The Barrow Ruptured Aneurysm Trial: 3-year results

J Neurosurg. 2013 Jul;119(1):146-57. doi: 10.3171/2013.3.JNS12683. Epub 2013 Apr 26.


Object: The authors report the 3-year results of the Barrow Ruptured Aneurysm Trial (BRAT). The objective of this ongoing randomized trial is to compare the safety and efficacy of microsurgical clip occlusion and endovascular coil embolization for the treatment of acutely ruptured cerebral aneurysms and to compare functional outcomes based on clinical and angiographic data. The 1-year results have been previously reported.

Methods: Two-hundred thirty-eight patients were assigned to clip occlusion and 233 to coil embolization. There were no anatomical exclusions. Crossovers were allowed based on the treating physician's determination, but primary outcome analysis was based on the initial assignment to treatment modality. Patient outcomes were assessed independently using the modified Rankin Scale (mRS). A poor outcome was defined as an mRS score>2. At 3 years' follow-up 349 patients who had actually undergone treatment were available for evaluation. Of the 170 patients who had been originally assigned to coiling, 64 (38%) crossed over to clipping, whereas 4 (2%) of 179 patients assigned to surgery crossed over to clipping.

Results: The risk of a poor outcome in patients assigned to clipping compared with those assigned to coiling (35.8% vs 30%) had decreased from that observed at 1 year and was no longer significant (OR 1.30, 95% CI 0.83-2.04, p=0.25). In addition, the degree of aneurysm obliteration (p=0.0001), rate of aneurysm recurrence (p=0.01), and rate of retreatment (p=0.01) were significantly better in the group treated with clipping compared with the group treated with coiling. When outcomes were analyzed based on aneurysm location (anterior circulation, n=339; posterior circulation, n=69), there was no significant difference in the outcomes of anterior circulation aneurysms between the 2 assigned groups across time points (at discharge, 6 months, 1 year, or 3 years after treatment). The outcomes of posterior circulation aneurysms were significantly better in the coil group than in the clip group after the 1st year of follow-up, and this difference persisted after 3 years of follow-up. However, while aneurysms in the anterior circulation were well matched in their anatomical location between the 2 treatment arms, this was not the case in the posterior circulation where, for example, 18 of 21 posterior inferior cerebellar artery aneurysms were in the clip group.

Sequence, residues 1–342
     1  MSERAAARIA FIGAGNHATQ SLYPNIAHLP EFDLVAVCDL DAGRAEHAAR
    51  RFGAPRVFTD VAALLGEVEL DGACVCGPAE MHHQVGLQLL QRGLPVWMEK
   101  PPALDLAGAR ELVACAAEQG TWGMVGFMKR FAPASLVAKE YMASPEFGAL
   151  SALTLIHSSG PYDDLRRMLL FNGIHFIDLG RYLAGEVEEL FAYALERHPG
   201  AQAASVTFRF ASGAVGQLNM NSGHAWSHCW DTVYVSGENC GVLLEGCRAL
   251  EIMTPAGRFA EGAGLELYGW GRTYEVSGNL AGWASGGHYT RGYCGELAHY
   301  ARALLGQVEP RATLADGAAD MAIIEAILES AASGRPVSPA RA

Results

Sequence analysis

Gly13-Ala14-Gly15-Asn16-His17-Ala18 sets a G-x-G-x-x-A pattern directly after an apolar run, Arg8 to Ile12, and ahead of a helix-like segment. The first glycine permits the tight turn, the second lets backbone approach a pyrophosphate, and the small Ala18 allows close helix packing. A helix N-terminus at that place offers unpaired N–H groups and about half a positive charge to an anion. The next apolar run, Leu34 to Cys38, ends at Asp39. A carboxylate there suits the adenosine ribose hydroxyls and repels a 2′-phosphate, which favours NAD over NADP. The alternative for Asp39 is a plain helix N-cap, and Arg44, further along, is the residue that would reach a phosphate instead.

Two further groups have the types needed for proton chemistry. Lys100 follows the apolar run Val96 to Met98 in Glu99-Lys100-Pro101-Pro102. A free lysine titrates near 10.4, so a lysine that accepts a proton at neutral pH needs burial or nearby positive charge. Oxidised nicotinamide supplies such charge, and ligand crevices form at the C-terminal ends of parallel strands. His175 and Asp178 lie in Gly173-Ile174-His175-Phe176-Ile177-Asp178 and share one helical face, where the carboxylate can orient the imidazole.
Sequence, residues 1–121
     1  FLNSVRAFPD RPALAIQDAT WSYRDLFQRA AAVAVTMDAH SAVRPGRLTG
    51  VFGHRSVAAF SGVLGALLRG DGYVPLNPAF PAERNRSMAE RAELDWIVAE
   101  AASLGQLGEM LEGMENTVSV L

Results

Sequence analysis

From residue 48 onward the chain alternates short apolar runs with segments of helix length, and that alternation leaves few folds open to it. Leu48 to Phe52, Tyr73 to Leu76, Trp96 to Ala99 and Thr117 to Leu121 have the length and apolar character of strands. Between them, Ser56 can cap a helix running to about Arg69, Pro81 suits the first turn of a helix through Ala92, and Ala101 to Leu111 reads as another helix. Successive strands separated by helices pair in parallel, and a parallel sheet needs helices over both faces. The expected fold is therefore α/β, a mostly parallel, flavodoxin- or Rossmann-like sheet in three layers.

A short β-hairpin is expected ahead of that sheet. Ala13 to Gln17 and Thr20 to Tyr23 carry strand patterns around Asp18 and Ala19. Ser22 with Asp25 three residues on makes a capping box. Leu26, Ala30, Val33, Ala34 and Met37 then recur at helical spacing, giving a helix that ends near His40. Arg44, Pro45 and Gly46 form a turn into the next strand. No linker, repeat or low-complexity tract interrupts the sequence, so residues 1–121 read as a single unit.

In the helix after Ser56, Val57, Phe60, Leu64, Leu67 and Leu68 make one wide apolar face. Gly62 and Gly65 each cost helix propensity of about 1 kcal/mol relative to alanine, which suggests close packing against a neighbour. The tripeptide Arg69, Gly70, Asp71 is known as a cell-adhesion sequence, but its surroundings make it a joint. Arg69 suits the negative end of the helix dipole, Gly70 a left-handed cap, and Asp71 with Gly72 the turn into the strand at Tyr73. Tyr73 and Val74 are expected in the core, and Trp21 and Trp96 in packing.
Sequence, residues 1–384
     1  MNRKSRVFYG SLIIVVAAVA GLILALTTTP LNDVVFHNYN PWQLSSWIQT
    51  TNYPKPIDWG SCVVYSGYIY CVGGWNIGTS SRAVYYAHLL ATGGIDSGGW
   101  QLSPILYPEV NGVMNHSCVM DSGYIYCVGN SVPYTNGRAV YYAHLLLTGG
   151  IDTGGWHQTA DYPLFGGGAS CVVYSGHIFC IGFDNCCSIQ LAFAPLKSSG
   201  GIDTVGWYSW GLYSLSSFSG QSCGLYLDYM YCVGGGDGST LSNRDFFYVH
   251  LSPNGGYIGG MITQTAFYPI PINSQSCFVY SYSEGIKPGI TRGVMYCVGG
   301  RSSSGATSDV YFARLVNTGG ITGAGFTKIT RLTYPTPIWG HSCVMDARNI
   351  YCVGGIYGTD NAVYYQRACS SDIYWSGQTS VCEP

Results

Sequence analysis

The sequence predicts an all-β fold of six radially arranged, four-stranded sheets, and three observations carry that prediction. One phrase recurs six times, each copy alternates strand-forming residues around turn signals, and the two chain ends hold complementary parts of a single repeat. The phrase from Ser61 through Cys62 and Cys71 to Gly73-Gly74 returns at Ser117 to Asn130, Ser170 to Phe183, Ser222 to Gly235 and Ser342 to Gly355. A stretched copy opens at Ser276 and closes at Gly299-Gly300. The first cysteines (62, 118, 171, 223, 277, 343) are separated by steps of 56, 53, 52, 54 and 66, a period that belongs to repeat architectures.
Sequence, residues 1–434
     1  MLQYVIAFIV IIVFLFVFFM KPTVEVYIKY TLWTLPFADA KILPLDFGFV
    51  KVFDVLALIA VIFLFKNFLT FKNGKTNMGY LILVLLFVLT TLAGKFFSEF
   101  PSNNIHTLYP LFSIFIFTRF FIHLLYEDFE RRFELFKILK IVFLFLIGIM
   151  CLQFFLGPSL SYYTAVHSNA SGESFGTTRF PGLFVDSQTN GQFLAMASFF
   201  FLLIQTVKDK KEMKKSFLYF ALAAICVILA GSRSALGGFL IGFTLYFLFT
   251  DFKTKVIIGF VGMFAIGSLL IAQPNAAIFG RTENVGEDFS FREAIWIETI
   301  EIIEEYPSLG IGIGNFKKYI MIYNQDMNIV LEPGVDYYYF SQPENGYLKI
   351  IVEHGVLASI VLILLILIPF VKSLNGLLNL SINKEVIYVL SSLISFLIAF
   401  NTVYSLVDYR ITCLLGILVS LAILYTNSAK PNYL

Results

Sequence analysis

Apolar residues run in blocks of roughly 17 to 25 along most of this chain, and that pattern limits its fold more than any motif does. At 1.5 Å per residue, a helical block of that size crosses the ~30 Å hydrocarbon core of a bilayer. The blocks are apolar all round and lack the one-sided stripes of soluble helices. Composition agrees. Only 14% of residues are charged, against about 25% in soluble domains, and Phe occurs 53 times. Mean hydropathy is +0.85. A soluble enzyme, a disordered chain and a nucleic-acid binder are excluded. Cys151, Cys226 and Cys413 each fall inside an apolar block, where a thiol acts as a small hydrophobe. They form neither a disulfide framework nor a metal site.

Conclusions: Based on mRS scores at 3 years, the outcomes of all patients assigned to coil embolization showed a favorable 5.8% absolute difference compared with outcomes of those assigned to clip occlusion, although this difference did not reach statistical significance (p=0.25). Patients in the clip group had a significantly higher degree of aneurysm obliteration and a significantly lower rate of recurrence and retreatment. In post hoc analysis examining only anterior circulation aneurysms, no outcome difference between the 2 treatment cohorts was observed at any recorded time point. CLINICAL TRIAL REGISTRATION NO.: NCT01593267 ( ).

Publication types

  • Comparative Study
  • Randomized Controlled Trial
  • Research Support, Non-U.S. Gov't

MeSH terms

  • Adult
  • Aged
  • Aneurysm, Ruptured / mortality
  • Aneurysm, Ruptured / surgery*
  • Aneurysm, Ruptured / therapy*
  • Cross-Over Studies
  • Embolization, Therapeutic / methods*
  • Female
  • Follow-Up Studies
  • Humans
  • Intracranial Aneurysm / mortality
  • Intracranial Aneurysm / surgery*
  • Intracranial Aneurysm / therapy*
  • Longitudinal Studies
  • Male
  • Middle Aged
  • Multivariate Analysis
  • Neurosurgical Procedures / methods*
  • Postoperative Complications
  • Retreatment / statistics & numerical data
  • Severity of Illness Index
  • Subarachnoid Hemorrhage / mortality
  • Surgical Instruments
  • Treatment Outcome

Associated data